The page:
Thursday , 23 May 2024

Addiction to Credit Card Debt Remains Excessive Albeit Declining – Here are the Facts (+2K Views)

Households with credit card debt carry $16,000 at an average rate of 15% and, given that some households have little credit card debt, you can imagine how high the debt is for others.. Imagine, $16,000, but that is actually down by 17% as the grand American household deleveraging continues. [Be that as it may, credit card debt is still excessive with all ages and all income groups. Here are the facts.] Words: 760

So says an article* posted on which Lorimer Wilson, editor of (Your Key to Making Money!), has edited further below for length and clarity – see Editor’s Note at the bottom of the page. (This paragraph must be included in any article re-posting to avoid copyright infringement.)

The article goes on to say, in part:

A credit card essentially allows you to spend money you do not have today on the promise you will pay it off tomorrow. We constantly hear how great it is to have credit cards to build credit as long as you pay off your balance each month but the data tells us something very different from this ideal utopia vision of credit card debt. 176 million credit cardholders exist in the United States and the unpayed balances owing have become a big financial albatross for many American families.

Credit Card Debt Down 17% but Still Excessive

The apex of revolving debt in the U.S. was hit in 2008 when the recession was raging at a full pace. Over $970 billion in credit card debt was hit at this point:

total revolving credit since recession

Keep in mind that this $970+ billion in credit card debt was being carried over from previous months. In other words, people that do not pay off their credit card debt balance in full. This deleveraging in credit card debt is truly a once in a generation type event:

total revolving credit

Going back to data from 1968 there wasn’t one year where year-over-year credit card debt fell in the United States so to see a 17 percent contraction in revolving credit is a monumental event…

Average Credit Card Debt is $78,030 per Household

average american debt 2012

The above figures are even more startling when you realize that the per capita income is $25,000. Even using the median household income of $50,000 we realize that many households are significantly leveraged for years, even decades to come. Why else would credit card debt contract so severely after nearly half a century of unimpeded growth? You also need to examine the younger household debt and how much of it is now being replaced by student loan debt. The college debt bubble will burst at some point as student loan debt surges to roughly $1 trillion in 2012.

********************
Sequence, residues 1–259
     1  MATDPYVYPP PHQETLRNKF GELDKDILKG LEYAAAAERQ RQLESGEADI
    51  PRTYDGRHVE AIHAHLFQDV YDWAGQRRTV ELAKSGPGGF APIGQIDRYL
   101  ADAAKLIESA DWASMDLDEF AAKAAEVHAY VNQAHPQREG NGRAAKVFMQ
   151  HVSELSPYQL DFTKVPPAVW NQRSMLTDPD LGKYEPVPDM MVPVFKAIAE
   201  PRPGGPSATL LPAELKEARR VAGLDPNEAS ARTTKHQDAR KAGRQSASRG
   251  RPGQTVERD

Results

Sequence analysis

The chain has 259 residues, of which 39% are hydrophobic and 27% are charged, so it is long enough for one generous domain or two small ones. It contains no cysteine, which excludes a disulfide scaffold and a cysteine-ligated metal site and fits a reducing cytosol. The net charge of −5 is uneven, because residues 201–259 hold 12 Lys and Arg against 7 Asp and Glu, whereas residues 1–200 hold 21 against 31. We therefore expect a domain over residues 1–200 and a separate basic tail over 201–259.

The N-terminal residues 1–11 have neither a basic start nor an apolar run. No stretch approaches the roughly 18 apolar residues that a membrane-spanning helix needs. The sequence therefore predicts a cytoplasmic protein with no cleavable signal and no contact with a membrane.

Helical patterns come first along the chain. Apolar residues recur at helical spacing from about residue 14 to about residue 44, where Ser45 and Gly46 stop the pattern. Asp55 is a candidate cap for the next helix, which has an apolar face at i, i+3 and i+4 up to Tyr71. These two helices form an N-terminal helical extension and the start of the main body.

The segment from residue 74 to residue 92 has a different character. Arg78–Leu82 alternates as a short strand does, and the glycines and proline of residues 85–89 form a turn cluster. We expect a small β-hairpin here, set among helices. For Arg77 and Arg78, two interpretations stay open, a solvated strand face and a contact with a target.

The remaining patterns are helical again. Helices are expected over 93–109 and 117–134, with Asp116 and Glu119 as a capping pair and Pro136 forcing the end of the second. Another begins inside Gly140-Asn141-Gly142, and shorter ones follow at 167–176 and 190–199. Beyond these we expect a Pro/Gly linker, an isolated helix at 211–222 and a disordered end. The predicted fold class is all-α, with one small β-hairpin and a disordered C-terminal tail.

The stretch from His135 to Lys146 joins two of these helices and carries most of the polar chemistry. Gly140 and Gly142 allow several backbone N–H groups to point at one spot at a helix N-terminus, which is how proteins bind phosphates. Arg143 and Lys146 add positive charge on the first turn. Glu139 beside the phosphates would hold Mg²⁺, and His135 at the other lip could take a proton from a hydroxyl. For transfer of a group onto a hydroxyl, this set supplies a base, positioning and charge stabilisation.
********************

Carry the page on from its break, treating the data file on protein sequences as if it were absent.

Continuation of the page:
High Interest Rates Are High

Part of it has to also do with the high interest rates charged by credit card institutions:

average credit card ratesSource:

Average Househood Has 3 Credit Cards

If you really want to see the addiction to credit card debt just look at the actual number of credit cards floating out in the economy:

number of credit cards united states

There are more credit cards out in the economy than households since the average number of credit cards per household is over 3…Banks are immensely profitable since they can borrow from the Federal Reserve at virtually zero percent, pay you virtually zero percent on your savings deposits, and then charge you 15 percent on money loaned out to you. Now that is a racket we should all be fortunate to be a part of.

Bankruptcies are Widespread

While a…[large amount] of credit card debt is being paid off, a large amount is being paid off by bankruptcy. This isn’t exactly the kind of deleveraging that is healthy. When people look at the mortgage debt stalling out they fail to examine the fact that a giant portion of this was because of forced deleveraging via the 5,000,000 or so completed foreclosures since the recession hit. Nothing can clear mortgage debt faster than simply not paying your mortgage and giving the house back to the bank.

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[Many people assume that bankruptcies only occur] in very poor areas of the country [but a] look at Orange County, California… [clearly shows] that too much debt is also an issue with supposedly wealthy counties:


Source: OC Register

Orange County bankruptcies are up 600 percent from 2006. The drop from 2005 to 2006 was largely due to people rushing to file before new rules came into place in 2005 that made bankruptcy even tougher. Even with that said, Orange County is now seeing a peak in bankruptcies near the 2010 highs.


Credit card debt and other forms of debt can impact all parts of the country. The great deleveraging of the American household continues well into 2012.


Editor’s Note: The above article has been has edited ([ ]), abridged (…), and reformatted (including the title, some sub-titles and bold/italics emphases) for the sake of clarity and brevity to ensure a fast and easy read. The article’s views and conclusions are unaltered and no personal comments have been included to maintain the integrity of the original article.

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